Photo tip of the week: Better wildlife portraits (Part two)
Professional wildlife photographers Steve and Ann Toon share a few tips for better animal portraits in part two of our photo tip of the week. You can read the first part here.
Turn your subjects into stars
The trick in pulling off eye-popping wildlife portraits is turning your subjects into stars. Train the spotlight firmly on your subject and you won’t go far wrong.
The best light for wildlife portraits is generally seen to be the soft, shadowless light you get on a bright but overcast day. This is brilliant for bringing out fur and feather detail and giving good clarity of colour in your shots. But it won’t give you much in terms of magic. Our personal preference for portraits is the play of light and shadow in early morning or late afternoon when the light is low, golden and raking.
We love turning the strong, directional sun at dawn and dusk to brilliant advantage to sculpt and highlight our subjects’ most striking features. Think of it like an A-list celebrity emerging from the dark on stage – powerfully, but only partially lit – teasing and tantalising the audience.It’s a great way to suggest depth and give a real 3D-feel to portrait pictures.
It also lets us focus more attention on the wonderfully varied textures in the natural world such as soft fur, intricate feather detail or heavy folds of gnarly skin.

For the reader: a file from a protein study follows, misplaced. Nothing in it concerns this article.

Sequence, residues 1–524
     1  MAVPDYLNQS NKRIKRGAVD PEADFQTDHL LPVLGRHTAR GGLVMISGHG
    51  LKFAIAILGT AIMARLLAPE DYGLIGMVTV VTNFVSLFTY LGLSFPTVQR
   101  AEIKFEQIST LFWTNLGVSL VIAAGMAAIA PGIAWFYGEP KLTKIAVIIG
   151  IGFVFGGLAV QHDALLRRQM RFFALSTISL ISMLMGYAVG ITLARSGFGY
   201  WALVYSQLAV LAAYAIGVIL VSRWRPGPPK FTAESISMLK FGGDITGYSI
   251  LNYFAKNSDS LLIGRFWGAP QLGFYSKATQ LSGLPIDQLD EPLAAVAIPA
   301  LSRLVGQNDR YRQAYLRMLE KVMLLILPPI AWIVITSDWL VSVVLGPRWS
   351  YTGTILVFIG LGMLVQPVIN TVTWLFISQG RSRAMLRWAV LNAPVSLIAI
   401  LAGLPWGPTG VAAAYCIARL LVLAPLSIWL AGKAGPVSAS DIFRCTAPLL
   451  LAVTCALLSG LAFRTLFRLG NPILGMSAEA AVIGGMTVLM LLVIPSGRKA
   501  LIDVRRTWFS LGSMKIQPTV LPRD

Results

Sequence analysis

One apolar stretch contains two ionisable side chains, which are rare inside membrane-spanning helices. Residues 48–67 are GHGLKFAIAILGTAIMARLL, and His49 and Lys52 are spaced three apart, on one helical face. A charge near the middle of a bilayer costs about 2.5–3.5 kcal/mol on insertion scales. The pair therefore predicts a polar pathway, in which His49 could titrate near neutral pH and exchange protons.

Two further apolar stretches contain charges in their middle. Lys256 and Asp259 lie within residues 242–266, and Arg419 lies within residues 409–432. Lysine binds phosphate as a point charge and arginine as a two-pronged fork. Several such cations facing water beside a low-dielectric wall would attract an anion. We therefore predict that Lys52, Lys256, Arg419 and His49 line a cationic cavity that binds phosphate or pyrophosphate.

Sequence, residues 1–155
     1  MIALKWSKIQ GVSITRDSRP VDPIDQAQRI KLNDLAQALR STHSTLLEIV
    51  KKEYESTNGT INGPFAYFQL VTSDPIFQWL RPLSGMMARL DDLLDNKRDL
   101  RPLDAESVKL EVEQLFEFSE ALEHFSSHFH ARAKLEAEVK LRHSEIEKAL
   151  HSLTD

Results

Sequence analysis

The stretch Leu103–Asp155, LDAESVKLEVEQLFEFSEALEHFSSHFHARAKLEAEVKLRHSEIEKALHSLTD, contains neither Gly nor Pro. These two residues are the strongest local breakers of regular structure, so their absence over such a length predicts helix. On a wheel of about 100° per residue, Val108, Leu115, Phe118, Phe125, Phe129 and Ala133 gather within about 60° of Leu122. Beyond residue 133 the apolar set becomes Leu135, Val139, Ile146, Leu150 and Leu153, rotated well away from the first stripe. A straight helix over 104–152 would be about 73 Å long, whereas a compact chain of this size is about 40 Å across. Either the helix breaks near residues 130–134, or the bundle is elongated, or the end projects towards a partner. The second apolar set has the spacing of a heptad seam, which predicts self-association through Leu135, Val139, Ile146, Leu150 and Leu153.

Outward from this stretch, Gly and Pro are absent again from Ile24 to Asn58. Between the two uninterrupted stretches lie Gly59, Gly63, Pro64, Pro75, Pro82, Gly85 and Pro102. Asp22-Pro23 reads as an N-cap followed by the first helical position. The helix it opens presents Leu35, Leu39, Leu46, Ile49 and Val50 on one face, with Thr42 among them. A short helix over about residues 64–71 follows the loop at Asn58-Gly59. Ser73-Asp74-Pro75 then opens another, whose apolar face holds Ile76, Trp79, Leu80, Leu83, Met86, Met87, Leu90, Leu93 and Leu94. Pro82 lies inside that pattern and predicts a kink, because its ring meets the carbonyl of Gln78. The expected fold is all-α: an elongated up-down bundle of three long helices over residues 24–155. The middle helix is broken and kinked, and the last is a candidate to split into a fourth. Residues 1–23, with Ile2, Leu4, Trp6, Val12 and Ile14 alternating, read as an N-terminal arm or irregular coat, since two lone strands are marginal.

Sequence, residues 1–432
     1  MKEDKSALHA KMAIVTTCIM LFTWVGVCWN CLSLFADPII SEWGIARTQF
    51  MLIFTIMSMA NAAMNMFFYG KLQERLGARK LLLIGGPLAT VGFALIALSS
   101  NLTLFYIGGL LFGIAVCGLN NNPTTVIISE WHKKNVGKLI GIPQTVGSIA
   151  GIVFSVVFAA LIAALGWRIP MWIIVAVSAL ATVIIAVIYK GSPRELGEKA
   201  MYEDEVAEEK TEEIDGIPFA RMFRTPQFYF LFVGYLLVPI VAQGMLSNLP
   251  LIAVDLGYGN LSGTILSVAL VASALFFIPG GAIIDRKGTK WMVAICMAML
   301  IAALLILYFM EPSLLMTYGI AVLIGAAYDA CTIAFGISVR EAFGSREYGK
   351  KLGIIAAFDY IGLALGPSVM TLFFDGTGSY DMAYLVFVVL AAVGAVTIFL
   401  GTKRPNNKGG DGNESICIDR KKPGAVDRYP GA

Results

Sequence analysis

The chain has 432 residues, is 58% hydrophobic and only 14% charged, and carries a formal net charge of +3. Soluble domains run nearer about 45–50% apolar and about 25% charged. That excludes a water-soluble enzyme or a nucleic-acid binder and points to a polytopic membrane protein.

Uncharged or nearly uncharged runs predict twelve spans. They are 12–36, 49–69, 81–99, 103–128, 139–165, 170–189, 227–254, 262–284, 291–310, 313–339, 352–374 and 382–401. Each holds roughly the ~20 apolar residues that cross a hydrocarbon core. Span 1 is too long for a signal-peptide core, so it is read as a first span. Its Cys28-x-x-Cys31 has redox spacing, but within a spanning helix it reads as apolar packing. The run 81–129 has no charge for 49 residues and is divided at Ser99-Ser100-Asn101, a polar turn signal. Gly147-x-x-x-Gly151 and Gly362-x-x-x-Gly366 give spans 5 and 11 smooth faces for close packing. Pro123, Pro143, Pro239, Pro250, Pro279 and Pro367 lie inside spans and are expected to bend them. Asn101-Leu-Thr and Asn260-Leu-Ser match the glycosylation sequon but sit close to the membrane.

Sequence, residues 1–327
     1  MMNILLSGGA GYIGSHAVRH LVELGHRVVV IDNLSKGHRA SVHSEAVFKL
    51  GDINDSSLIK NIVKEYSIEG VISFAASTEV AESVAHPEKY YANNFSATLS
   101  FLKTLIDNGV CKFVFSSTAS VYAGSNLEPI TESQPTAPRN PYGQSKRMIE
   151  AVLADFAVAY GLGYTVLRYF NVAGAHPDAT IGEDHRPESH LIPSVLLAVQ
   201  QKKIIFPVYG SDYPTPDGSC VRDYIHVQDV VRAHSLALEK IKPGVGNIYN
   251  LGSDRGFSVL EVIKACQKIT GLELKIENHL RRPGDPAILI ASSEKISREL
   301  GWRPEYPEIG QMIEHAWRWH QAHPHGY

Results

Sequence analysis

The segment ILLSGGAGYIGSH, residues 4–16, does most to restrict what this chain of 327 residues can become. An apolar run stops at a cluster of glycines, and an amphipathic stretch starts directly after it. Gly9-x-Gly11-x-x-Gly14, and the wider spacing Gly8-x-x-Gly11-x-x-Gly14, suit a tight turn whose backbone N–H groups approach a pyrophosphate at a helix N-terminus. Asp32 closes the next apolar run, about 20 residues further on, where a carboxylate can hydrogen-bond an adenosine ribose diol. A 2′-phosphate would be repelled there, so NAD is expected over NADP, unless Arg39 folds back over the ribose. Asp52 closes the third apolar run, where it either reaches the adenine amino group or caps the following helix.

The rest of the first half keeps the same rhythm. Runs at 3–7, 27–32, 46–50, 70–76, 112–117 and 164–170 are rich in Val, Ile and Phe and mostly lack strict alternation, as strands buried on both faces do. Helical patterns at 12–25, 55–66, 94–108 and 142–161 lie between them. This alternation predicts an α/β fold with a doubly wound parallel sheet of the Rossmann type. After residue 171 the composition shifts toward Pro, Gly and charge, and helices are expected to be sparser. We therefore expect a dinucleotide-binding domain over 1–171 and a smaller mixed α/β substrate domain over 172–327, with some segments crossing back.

Side-lighting works brilliantly for this, so to try to position yourself with the sun at right angles to your subject where you can. Get into the habit of searching out suitable subjects and situations where you might be able accentuate prominent character traits in this way – where the light falls intensely on key elements of your subject while the rest remains in deep shadow.
It helps to go for ultra-close ups when you’re using directional light to sculpt subjects. This will help you draw attention to your subject, or the parts of your subject you want to focus most on even further, by cutting out all the extraneous clutter.
It often helps here if you use a fraction (or two) of minus exposure compensation at the capture stage to ratchet up the contrast and mood yet more.
Add value to wildlife portraits
Commercial photographers often use props to help tell a story about their portrait subjects or simply to enhance or give added attraction to their people pictures. You can do the same in wildlife portraiture too. If you’re setting out to do portraits of waders and waterbirds that catch fish for their living, for example, or bee-eaters that hunt insects, the best portrait captures of these species will probably be the ones where you manage to get the bird with a fish or insect successfully held in its beak.
Over the years we’ve trained ourselves to look constantly for anything like this that will give our images some added value. A full moon or setting sun in the background of a characterful head-study can lift the shot into another league, for example.
A beautifully shaped tree, an unusual cloud formation, a rainbow, or simply a perfect mirror reflection of your subject - these are all contained within nature’s bag of props you can use to turbo-charge an image. We’ve even used other animals thrown out of focus as bonus interest in our portrait photos to add a bit of extra context and depth to our shots.